After the of Grandparents

Michael Lavers

It was messy. Outside their abandoned house, shaking my head
at the grey of cricket-eaten lumber, I wondered if over
the years that charcoal portrait of Lincoln in the living room
had not caused the house to lean like the weather blown

barbed-wire fence. The angles of the roof hunched
like their backs. A broken board and inside, a beehive.
I walk the cement path that has frozen so cold so many
times it lies in crooked pieces. The deep ground

still frozen in July, the brown grass tickles my hips. Complete
kidney failure after pneumonia did him in and cancer combed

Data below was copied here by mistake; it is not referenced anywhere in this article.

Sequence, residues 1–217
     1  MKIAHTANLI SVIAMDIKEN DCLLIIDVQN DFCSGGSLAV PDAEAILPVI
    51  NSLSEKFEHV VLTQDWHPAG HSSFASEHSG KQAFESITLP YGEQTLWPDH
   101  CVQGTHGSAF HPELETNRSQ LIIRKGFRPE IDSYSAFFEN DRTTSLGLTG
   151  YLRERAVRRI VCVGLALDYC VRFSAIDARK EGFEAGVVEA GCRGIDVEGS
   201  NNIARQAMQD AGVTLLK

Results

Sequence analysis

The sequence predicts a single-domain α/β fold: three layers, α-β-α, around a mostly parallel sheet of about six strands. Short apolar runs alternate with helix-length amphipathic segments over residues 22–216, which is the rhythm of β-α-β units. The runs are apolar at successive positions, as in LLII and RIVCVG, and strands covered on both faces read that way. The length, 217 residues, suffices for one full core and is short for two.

her body like the plough scrapes the soil. I should not be afraid,
but I watched her drop the water glass, her eyes falling backward

into the seizure. At the front door, swallows fly from the rafters
of the roof. They would swoop down to eat crickets from my
grandfather’s fingers. My grandfather—a tractor and overalls.
He used to tell me that I had his longevity genes. No matter

how quickly it comes death happens too soon. The hole
where my sister put her leg right through the rotten porch
is now covered with plywood scraps and red shag carpet
that act just like the phrase don’t worry, they lived a long life.

Death does not skip a generation, like hairlines or heart conditions.
I open the front door they locked with a butter knife. Basement
stairs worn white. Downstairs I’ll find among stacked sewing
machines and families of rats one more reason not to be afraid.